Seeking to wrap up construction on a project long ensnared in a tangle of legal and regulatory complications, Mountain Valley Pipeline LLC (MVP) will pursue a new strategy to obtain the waterbody and wetlands crossing approvals that represent the natural gas conduit’s final permitting hurdle.


Instead of waiting out the legal process on its stayed Nationwide Permit 12 waterbody crossing permits, the pipeline will submit a new joint application to the Huntington, Pittsburgh and Norfolk districts of the U.S. Army Corps of Engineers, MVP’s deputy general counsel Todd Normane wrote in a letter to federal agencies and state regulators in Virginia and West Virginia Tuesday.

MVP will seek permitting to use open cut techniques for certain waterbodies and wetlands under Section 404 of the Clean Water Act. The application will also address streams regulated under Section 10 of the Rivers and Harbors Act, according to Normane.

At the same time, MVP will apply for a certificate amendment from FERC addressing waterbody crossings and “any other” approvals needed from the agency. MVP will withdraw an earlier certificate amendment application seeking to alter crossing methods for the first 77 miles of the project.

“To facilitate the Districts’ review of the forthcoming application Mountain Valley will request that the Corps’ Huntington, Pittsburgh, and Norfolk Districts administratively revoke the previously issued Nationwide Permit 12 verifications for the Project when appropriate,” Normane wrote. “At that point, we expect to seek dismissal of the existing litigation challenging those verifications as moot.”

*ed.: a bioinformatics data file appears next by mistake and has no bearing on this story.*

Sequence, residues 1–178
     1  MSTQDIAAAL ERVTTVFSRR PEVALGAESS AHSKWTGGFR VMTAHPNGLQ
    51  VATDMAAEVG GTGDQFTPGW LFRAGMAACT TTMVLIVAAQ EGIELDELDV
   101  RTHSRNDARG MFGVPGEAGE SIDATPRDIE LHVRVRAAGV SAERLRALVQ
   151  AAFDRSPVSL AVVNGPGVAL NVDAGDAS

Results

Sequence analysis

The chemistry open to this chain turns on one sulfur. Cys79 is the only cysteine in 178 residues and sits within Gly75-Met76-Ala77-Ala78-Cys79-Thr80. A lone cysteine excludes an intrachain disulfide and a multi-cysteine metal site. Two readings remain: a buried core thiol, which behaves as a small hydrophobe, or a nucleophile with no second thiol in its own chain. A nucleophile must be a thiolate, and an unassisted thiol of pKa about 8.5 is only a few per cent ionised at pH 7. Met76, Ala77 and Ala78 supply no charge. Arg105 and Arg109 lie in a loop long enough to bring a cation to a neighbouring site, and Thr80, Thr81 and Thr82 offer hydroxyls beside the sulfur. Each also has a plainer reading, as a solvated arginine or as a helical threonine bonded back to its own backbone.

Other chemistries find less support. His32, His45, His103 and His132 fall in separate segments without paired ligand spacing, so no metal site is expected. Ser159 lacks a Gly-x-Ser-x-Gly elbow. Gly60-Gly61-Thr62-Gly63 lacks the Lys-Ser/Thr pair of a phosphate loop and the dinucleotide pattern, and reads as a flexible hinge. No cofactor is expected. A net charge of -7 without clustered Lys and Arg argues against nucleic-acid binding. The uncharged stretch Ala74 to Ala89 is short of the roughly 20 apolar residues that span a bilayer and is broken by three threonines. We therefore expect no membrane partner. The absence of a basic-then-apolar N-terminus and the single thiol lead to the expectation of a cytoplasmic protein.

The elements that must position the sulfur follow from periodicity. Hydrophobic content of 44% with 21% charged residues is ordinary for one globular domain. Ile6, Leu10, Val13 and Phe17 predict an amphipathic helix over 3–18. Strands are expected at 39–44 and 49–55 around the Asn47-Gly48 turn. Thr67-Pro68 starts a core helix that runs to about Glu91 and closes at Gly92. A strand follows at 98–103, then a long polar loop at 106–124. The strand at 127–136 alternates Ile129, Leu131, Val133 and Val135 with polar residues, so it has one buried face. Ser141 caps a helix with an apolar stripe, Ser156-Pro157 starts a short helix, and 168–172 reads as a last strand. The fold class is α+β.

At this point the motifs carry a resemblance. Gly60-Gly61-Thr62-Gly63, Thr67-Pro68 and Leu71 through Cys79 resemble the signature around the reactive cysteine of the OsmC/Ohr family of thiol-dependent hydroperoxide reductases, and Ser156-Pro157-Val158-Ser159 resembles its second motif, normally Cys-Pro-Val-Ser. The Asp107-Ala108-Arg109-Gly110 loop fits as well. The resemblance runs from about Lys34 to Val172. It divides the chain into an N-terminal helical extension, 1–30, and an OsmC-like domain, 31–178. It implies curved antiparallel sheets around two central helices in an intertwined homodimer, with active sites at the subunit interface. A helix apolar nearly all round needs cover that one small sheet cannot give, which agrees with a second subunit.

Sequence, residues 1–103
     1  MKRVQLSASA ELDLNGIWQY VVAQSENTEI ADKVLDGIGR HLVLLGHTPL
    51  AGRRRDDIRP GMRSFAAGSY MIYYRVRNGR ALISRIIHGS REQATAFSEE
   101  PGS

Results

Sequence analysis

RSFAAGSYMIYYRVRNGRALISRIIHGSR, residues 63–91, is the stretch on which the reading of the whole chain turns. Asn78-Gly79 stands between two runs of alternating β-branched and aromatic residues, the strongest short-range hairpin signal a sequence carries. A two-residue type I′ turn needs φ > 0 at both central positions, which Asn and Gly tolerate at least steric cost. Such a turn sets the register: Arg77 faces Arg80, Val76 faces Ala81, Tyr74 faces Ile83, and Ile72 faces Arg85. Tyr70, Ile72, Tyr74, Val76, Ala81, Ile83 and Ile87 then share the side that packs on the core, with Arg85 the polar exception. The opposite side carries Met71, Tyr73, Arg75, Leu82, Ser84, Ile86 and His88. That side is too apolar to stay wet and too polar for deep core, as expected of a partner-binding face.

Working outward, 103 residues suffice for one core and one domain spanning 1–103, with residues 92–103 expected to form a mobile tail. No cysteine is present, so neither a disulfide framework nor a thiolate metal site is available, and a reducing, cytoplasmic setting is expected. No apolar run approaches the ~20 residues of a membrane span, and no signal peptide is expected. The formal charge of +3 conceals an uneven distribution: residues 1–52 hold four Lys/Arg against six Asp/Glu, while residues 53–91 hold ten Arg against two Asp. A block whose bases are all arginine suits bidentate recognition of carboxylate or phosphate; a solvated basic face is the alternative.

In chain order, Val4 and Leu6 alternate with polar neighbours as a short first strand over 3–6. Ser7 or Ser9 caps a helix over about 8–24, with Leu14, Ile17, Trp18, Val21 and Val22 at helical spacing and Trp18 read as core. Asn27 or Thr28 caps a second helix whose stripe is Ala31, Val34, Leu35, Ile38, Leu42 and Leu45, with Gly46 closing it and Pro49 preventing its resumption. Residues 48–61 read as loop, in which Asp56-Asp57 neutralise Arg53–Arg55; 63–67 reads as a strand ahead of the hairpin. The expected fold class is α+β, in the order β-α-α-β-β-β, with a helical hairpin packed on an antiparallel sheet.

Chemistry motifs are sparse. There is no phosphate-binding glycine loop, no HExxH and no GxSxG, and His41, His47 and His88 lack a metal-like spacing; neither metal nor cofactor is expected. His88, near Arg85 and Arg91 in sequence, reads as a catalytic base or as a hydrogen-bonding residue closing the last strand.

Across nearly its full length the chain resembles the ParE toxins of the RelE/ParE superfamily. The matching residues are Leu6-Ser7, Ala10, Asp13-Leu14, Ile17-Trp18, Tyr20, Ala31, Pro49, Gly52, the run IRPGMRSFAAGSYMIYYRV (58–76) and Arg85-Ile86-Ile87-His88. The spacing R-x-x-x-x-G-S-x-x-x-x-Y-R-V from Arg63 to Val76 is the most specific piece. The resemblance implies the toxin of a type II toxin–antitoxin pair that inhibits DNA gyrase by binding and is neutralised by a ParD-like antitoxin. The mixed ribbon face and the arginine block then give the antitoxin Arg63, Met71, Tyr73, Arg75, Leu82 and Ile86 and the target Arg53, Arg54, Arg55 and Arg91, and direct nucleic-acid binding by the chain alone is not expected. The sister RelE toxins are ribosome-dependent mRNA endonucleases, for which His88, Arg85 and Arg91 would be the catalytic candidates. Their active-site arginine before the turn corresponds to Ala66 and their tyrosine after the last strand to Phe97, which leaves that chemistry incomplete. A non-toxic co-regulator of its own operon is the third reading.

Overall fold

As part of its plan, MVP will be seeking water quality certifications from regulators in Virginia and West Virginia under Section 401 of the Clean Water Act.

While not outright asking for an expedited review, Normane alluded to the extensive regulatory process MVP has undergone to date since it was first certificated by the Federal Energy Regulatory Commission in 2017.

The operator “believes the time and resource necessary to complete these reviews should be minimized by the fact that the forthcoming submissions will consist primarily of minor changes to construction practices that address the environmental impacts the Corps and FERC have already considered,” Normane wrote. Likewise, the state reviews “will build upon the applications previously considered by the respective state agencies.”

MVP’s new strategy follows a change in leadership at FERC under the Biden administration. New Chairman Richard Glick, a Democrat, has said FERC should require MVP to have all necessary permits in hand before resuming construction anywhere along the project route.

Under Glick’s direction, this would ostensibly make the Nationwide Permit 12 approvals — stayed by the U.S. Court of Appeals for the Fourth Circuit late last year — a major obstacle to future FERC authorizations needed for MVP to finish construction.

MVP maintains that at this point finalizing construction remains the best path forward for all stakeholders, according to Normane.

“Although the project has been largely constructed, substantial segments of the right-of-way remain disturbed but temporarily stabilized,” Normane wrote. “Mountain Valley cannot permanently restore the soils and vegetation on these segments of the right-of-way until construction is complete.

“We have also heard from many landowners along the route who have suffered from the delays caused by ongoing legal challenges that they want Mountain Valley to complete the construction, achieve final restoration and return their lands for their private use.”

The 303-mile MVP is a joint venture between EQM Midstream Partners LP, NextEra Capital Holdings Inc., Con Edison Transmission Inc., WGL Midstream and RGC Midstream LLC. The project would move 2 million Dth/d from West Virginia to Virginia where it would interconnect with the Transcontinental Gas Pipe Line to target markets in the Southeast.